Share with TwitterShare with FacebookShare with Google+Share with LinkedIn

Will Google Glass revolutionize Mapping Software?

Mapping software – at least the type produced by eSpatial is about accessing data quickly. It unites key decision-making information with strong visualization.

Will the widespread adoption of Google Glass, which effectively provides the hardware to access data, result in a perfect marriage of mapping software and portable gadget?

It’s here at last

After months of speculation, Google Glass, in its Explorer Edition form (a kind of paid-for prototype) saw the light of day this month. You can find out what CNET reviewers think of the product here. Based on their report, all I can say is that, currently, Google Glass is far from being a powerful business tool. Its main strengths are it portability and ease of use. But you could say that about a smartphone too.

Mapping Software Google GlassAnd, as you can see in the picture, it doesn’t really look all that pretty. Especially given that it carries a hefty price-tag of $1500. Not that you could rush out to your nearest Best Buy and purchase it anyway – its sale is restricted to a limited number of users.

The future of mapping software

That said, wearable portable media is likely to be the future – not least because it has the backing of all-conquering Google, so it’s worth taking a little time out to consider how it might impact on mapping and data visualization.

Here’s my thoughts:

1. You will have the potential to see a lot more than you see on a smartphone, tablet device – or even the biggest computer monitor you can imagine. If Google Glass ultimately fulfills its potential, then you should be able to zoom out and see a map that’s as big as a wall – or even bigger. It will be the equivalent of opening up a printed map, spreading it out on a table and then leaning into it with a magnifying glass!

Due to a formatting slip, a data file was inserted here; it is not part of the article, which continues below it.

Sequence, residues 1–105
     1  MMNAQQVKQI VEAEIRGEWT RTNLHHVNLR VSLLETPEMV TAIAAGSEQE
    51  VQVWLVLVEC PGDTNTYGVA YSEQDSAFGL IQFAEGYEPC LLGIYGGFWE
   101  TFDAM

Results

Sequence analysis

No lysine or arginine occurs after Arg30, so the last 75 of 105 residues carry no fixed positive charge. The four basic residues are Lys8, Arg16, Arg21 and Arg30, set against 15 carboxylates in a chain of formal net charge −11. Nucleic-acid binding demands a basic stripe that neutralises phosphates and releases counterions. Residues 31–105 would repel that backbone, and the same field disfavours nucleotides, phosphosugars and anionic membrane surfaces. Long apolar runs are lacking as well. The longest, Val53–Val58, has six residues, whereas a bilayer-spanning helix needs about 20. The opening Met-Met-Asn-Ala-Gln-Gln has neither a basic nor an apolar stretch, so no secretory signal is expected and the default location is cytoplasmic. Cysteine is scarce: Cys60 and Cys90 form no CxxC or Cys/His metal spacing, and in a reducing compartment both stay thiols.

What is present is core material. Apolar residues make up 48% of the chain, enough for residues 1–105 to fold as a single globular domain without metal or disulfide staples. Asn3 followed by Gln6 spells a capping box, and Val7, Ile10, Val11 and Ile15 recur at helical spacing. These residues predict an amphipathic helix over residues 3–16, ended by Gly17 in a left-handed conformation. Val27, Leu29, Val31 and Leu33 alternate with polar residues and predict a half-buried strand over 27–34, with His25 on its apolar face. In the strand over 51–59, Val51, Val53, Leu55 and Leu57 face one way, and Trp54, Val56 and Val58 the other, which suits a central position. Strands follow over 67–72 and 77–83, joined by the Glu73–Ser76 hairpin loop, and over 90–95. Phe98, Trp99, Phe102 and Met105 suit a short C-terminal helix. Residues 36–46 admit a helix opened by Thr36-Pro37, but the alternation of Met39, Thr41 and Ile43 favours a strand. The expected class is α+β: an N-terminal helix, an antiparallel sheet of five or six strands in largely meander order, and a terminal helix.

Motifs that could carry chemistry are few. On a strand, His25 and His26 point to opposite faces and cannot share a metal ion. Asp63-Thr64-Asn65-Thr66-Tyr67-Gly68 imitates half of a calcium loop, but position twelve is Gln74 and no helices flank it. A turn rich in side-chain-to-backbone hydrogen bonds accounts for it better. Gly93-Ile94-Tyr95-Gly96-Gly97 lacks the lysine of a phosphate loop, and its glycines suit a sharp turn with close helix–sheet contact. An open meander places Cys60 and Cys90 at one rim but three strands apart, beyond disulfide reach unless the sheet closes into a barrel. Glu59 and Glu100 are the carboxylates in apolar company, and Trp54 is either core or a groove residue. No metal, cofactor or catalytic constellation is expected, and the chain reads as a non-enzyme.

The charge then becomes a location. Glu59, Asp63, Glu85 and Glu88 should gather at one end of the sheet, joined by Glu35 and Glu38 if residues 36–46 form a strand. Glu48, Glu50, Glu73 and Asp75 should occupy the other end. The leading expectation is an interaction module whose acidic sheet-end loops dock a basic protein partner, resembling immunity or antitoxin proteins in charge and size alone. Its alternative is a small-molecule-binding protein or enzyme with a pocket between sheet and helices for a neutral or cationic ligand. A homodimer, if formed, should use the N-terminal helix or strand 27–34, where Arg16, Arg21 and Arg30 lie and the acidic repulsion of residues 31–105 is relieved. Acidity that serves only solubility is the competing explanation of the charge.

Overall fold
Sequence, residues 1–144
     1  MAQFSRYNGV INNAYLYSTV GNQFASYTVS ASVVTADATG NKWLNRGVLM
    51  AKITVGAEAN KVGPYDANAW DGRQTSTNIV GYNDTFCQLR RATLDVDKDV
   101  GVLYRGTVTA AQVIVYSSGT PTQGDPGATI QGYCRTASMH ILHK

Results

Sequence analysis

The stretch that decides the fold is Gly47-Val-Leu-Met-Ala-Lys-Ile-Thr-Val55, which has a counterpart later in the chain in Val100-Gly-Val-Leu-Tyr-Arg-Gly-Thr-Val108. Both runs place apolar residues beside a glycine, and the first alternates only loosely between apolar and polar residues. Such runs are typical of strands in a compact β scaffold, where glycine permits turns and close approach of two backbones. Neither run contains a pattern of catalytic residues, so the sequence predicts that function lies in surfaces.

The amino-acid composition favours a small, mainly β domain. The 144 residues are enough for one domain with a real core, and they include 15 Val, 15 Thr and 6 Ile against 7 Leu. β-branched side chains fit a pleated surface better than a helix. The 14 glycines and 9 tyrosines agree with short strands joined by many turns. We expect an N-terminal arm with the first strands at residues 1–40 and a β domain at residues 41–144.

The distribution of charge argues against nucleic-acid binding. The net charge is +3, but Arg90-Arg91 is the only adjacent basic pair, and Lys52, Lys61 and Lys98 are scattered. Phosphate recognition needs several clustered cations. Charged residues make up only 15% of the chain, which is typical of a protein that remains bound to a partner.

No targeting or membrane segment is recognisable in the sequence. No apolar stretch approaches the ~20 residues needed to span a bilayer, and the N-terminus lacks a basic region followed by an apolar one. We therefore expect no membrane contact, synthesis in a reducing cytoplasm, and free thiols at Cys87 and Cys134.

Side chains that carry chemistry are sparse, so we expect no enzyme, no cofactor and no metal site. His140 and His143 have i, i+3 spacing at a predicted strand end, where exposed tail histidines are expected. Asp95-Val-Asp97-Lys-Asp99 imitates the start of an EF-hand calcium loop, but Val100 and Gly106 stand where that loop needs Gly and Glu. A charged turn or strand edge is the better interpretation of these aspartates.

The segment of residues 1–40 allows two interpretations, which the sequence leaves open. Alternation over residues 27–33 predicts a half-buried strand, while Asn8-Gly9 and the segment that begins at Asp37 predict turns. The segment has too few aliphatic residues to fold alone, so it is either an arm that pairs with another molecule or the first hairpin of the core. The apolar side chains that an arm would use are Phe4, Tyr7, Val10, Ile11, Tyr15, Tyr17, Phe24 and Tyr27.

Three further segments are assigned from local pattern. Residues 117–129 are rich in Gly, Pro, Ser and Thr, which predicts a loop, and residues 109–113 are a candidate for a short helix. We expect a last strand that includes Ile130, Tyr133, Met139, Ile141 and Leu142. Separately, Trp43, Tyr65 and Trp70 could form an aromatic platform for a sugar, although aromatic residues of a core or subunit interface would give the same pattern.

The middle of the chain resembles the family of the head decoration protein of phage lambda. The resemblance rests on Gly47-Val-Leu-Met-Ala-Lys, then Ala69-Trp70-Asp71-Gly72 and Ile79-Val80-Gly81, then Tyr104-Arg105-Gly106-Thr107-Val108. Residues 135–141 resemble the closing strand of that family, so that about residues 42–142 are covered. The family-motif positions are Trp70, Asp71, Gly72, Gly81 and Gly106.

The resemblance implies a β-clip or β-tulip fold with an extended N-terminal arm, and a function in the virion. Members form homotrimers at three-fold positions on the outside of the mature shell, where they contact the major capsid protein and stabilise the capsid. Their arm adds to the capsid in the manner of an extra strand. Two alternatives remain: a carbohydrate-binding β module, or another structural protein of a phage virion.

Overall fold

2. Inevitably, hand movements will control the Google Glass functionality (remember Tom Cruise in Minority Report shuffling holographic screens by just the movement of his hands?). Hand and body movement control has already been tried and tested – in the XBox, for instance. This will create an even more interactive mapping environment. You will be able to compare and contrast mapped data by just the flick of a hand.

3. You can already blend demographic-rich datasets for new insights with eSpatial. In the future, you will be able to add 3-D (potentially real-time) environmental data. Think Google Street meets CCTV meets rich data-visualization. So, if you’re building a supermarket, you will be able to observe – at the planning stage – the environmental factors that may have an influence on your targeted market. For instance, viewing a rival store nearby, you may discover certain window displays attract the most attention. That data may influence the design and layout of your supermarket.

4. The last word on portability? Quite possibly – at least until we start embedding electronic devices into the human body. If the three previously-mentioned features are realized, the keyboard and touchscreen will go the way of the pencil and ruler, as mapping data is created and shared faster than ever before.

Conculsion?

The marriage of eSpatial mapping software and Google Glass could ultimately end up being a marriage made in data heaven – but that may still be a couple of years off. So, for that reason alone, hold off from spending that $1500!

Leave a Reply

First time commentators will have their comments approved before they are displayed on our website


× three = 12